A silent peformance
Quiet flying: Segera by Bandung’s Teater Payung Hitam was performed in collaboration with French artists at Gedung Kesenian Jakarta last week. (Courtesy of Gedung Kesenian Jakarta)
So twisted is modern life that one’s suffering can serve as entertainment for others or even trigger a smile from the sufferer instead of a cry of pain.
According to Rachman Sabur from Bandung’s Teater Payung Hitam, such was more or less the message behind Segera, a non-verbal play performed by the group in collaboration with French artists at Gedung Kesenian Jakarta last week.
The message, despite being somewhat vague, proved eerily true during the performance.
The show, whose original version was created by Camille Boitel with the title L’Immediat, is a flurry of movements and incidents, emphasizing reliance on physical movements and precise timing.
Segera’s string of scenes started slowly, seemingly depicting a shanty and a stall housing people in the midst of their daily routines. The characters somewhat subtly displayed unnatural paces and decisions in their movements.
As the play increased its pace, scenes revealing breakdowns and seemingly chaotic happenings begin to unfold. The façade crumbles, revealing more landscapes of poverty and frantic movements.
The physical aspects of Segera are indeed impressive and even breathtaking at times, with the actors engaging in stunts such as swinging from stage lights and narrowly escaping falling objects.
The stage set often appeared as if it was brought straight from the streets — in fact reminiscent of slum areas in Jakarta — and the people behind the play said the objects were indeed gathered from various parts of Bandung and carried to Jakarta in a large container.
Segera’s movements often hit the spot in depicting how people frequently become victim to the immediate — be it immediate sufferings, demands or changes of situation. The title itself roughly translates as “immediately”.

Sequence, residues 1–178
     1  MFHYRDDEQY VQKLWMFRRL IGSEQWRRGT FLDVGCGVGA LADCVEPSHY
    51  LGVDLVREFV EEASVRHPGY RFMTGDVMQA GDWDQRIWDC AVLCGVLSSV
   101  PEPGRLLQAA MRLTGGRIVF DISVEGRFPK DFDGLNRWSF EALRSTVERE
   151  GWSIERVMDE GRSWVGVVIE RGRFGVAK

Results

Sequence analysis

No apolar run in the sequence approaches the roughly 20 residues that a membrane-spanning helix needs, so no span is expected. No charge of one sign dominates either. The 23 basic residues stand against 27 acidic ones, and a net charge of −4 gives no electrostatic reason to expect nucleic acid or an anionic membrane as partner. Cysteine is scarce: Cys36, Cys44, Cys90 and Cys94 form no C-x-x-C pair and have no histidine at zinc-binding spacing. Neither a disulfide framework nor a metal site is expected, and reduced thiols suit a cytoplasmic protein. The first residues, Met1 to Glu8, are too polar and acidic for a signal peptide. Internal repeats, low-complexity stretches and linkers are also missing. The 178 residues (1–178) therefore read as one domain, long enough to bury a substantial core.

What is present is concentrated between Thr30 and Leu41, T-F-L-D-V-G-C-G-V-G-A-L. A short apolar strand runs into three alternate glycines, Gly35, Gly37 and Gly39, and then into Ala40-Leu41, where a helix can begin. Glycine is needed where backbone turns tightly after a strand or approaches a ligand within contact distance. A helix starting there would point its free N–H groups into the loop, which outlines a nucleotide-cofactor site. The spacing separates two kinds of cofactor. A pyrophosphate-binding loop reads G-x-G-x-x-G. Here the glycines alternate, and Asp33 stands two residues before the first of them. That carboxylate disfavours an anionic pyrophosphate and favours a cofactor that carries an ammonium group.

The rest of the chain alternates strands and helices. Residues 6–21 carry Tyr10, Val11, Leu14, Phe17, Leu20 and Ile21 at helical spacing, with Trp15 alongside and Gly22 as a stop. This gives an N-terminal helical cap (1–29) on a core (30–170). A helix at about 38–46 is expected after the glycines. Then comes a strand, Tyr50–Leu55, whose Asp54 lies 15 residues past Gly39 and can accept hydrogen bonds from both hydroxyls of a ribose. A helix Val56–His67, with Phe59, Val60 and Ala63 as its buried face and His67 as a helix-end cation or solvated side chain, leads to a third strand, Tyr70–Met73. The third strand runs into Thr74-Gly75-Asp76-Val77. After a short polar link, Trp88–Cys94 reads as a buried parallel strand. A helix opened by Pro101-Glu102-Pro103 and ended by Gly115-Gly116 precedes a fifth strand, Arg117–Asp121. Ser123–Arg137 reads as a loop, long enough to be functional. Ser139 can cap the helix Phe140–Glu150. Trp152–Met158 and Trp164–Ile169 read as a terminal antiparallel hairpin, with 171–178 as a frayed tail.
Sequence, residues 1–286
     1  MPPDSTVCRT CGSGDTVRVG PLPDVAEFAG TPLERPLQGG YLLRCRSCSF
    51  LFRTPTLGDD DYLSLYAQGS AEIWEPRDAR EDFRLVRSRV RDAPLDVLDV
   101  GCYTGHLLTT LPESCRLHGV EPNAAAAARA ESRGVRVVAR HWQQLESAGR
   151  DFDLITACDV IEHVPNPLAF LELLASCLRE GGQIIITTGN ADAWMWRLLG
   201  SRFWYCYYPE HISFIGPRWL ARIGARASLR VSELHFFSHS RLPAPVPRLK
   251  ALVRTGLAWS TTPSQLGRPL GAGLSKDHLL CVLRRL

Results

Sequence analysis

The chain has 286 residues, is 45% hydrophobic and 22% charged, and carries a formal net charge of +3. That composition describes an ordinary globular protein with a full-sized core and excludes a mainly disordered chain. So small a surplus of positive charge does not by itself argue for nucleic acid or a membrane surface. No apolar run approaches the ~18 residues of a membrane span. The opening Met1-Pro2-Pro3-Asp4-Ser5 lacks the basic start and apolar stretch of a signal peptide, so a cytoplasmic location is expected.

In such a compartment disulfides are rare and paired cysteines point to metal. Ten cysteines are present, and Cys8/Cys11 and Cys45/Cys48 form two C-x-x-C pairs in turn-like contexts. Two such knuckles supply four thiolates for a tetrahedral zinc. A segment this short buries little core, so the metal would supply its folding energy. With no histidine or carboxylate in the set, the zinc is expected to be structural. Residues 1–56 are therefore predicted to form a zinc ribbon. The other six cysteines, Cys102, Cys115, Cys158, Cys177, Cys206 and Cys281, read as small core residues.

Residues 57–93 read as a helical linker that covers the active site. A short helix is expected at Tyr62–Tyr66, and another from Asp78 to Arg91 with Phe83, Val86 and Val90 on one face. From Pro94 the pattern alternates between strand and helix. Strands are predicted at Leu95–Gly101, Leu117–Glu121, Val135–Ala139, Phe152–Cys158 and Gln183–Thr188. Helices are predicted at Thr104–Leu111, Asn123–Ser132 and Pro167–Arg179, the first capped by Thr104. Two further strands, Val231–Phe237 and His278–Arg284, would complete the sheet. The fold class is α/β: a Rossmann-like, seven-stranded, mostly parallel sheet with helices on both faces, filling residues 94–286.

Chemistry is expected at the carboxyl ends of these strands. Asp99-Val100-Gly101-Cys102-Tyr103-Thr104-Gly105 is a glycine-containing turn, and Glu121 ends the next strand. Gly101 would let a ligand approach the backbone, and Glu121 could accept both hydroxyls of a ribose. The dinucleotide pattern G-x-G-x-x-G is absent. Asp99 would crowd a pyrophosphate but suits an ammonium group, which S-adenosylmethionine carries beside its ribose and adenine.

However, the show did tend to get repetitive in a few parts, especially in later scenes featuring actors screaming or displaying shock over and over again.
And while those keen on analyzing the hows and whys of society might see the performance as bleak, reflecting perhaps the plight of the modern man or the urban poor, many in the audience, especially the children, laughed with delight at the sight of lingerie-clad male actors dodging objects or appearing on stage with anguished expressions.
“Look, it’s that man again. He must have had the wrong address,” a child’s voice in the audience said as a character appeared to wake up in surprise after being exposed to the audience between moving screens.
Funny and frightening: Segera was created by Camille Boitel and called L’Immediate. The performance features a flurry of mute movement and realistic stage props. (Courtesy of Gedung Kesenian Jakarta)
The laughter seemed to reflect Rachman’s explanation of how misfortune can become the source of entertainment.
“The [show] has its funny sides but also its sad and frightening ones,” one of the younger members of the audience said after the show.
The young boy said he came with his friends from Kampus Diakonia Modern, which is an institution that works to empower street children.
Those behind the scenes said they were hardly troubled by the reactions from the audience toward what appeared to be a depiction of troubled lives.
“This is in fact a satire, and something ironic. So it’s like a smiling person who has been in pain so many times that they are well trained for it,” Rachman said.
Boitel said that L’Immediat also caused laughter among the European audience.
“Perhaps it can show that that is just the way we are. We laugh when we see people in hardship,” Rachman said.
L’Immediat has been played 140 times in Europe and the version showed in Indonesia was a product of a two-month-long collaboration between Indonesian and French artists, including creator Boitel.
Segera in Jakarta played as part of the Jakarta Anniversary Festival X commemorating the capital’s birthday, which is officially celebrated on June 22. It is also part of Printemps Francais 2012, which is the annual arts and culture festival held by Institut Francais Indonesia and the French Embassy.
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